Tuesday, March 22, 2011
Open adoption and the man who makes mine bearable
The next day I received a phone call. It is the one and only phone call I have ever received from Brit's father, but I never want to forget it.
His voice was so very tender toward me. I was a complete disaster and he knew it. He handled what could have been a crazy emotional phone call with grace. I will never forget how even though the message he was delivering to me was difficult, and knowingly painful for me to hear, he approached me with love, honesty, tenderness and respect.
He gently explained to me that once they got Brit home, they began to realize how badly they wanted her to be "theirs". And while they never thought they would feel like this, they were struggling with feeling like they were raising Lisa's baby. He was very gentle with how he said that. He said "I know you are probably thinking, duh, that is my baby, what did you think you would be doing?"
He went on to explain how they had thought adoption would be easier for them than it had been. They had become very protective of Brit. Especially Brit's mom. He mentioned that they had come the realization that Brit may be the only child that they ever had and that was very tough for her mom to accept.
We had an extensive conversation about this and how pictures of me and the boys were hard for the mom because all she could see was how much Brit looked like us. She had stopped responding to my emails and instead had asked Brit's dad to take over because she no longer had the emotional reserves to do it.
Brit's dad and I talked for about 15 minutes and there are plenty of things I am sure were very important that I should share here, but I honestly don't want to dwell so much on the painful parts of that conversation. And I think my mind has helped me forget the exact words because so much of what was said was so traumatic to me at the time.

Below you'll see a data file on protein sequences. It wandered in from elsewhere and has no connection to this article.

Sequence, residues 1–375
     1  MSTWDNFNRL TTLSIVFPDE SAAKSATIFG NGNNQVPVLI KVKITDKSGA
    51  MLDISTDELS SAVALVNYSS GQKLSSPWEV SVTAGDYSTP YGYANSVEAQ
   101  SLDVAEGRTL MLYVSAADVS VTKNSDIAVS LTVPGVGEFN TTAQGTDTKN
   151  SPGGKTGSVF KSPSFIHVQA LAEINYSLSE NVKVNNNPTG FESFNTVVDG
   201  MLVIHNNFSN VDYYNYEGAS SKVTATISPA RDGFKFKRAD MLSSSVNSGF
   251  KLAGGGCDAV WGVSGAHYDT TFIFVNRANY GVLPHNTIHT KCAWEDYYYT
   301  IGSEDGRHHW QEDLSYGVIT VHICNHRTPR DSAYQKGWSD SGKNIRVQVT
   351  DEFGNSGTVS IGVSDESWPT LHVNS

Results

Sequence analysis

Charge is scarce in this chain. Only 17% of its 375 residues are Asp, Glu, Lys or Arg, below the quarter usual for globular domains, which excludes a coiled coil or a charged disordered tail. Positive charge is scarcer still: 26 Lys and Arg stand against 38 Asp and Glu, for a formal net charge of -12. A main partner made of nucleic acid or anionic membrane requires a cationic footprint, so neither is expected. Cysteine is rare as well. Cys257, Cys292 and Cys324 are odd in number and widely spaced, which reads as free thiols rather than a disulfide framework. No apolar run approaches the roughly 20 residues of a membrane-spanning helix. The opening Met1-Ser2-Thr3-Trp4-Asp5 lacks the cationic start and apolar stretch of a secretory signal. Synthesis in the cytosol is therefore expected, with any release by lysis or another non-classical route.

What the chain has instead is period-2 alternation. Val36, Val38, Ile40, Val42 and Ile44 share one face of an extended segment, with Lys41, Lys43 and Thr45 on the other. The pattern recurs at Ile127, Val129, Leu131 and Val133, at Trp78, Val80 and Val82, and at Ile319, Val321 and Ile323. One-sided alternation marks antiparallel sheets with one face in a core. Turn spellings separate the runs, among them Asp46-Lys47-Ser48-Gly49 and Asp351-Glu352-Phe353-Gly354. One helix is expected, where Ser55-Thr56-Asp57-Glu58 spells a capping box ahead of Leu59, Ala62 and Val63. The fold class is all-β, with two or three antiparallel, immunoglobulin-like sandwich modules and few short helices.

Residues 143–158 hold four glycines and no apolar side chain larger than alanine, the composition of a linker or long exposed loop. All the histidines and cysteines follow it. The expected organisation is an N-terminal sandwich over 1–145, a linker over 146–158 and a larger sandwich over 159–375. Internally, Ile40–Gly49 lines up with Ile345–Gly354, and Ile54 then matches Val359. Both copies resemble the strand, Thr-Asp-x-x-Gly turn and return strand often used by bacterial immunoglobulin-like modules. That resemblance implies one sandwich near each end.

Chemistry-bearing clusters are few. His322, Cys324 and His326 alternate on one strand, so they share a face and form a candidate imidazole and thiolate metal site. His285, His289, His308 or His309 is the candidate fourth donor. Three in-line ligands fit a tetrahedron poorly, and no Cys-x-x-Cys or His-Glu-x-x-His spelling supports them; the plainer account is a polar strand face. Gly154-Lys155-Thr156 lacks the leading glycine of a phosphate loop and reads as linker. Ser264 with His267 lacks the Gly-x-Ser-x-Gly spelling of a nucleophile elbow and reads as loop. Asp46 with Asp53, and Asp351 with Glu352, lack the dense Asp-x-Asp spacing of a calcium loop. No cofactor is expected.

But I do remember clearly what Brit's dad said to me toward the end of our phone conversation. I had reminded him that when I was pregnant, Brit's mom had promised me we would always be friends and we would continue to stay connected because we had established such a great relationship. I never had a single doubt that would be true. We really had gotten to be friends. Then our relationship immediately ceased when the baby was buckled in their car seat at the hospital.
I explained to him how I was struggling with feeling misled - even if it wasn't intentional (which I didn't think then, and I am sure of today). I told him how hard it was to be close to someone and then never hear back from that person again after she took the baby home.
He was very empathetic. He assured me that it was never intentional. I recall part of his response to me was, "I prayed over and over that God would make my wife and me parents. And I didn't know how it was going to happen. But I would NEVER have been willing become a parent at the expense of our integrity. We would have never misled anyone just so we could become parents. We love you and have never meant to hurt you. We are so thankful for what you have provided for us."
We continued to talk about how they had never expected to feel like they did. And I shared that I never expected to feel how I did either. Both of us had very unrealistic views about how simple adoption would be. They thought they would bring home a perfect baby and they would go about their lives as if they had just given birth to her. And I thought that I would be able to carry on with my life as if everything was OK and I was fine with someone else parenting a child I had given birth to.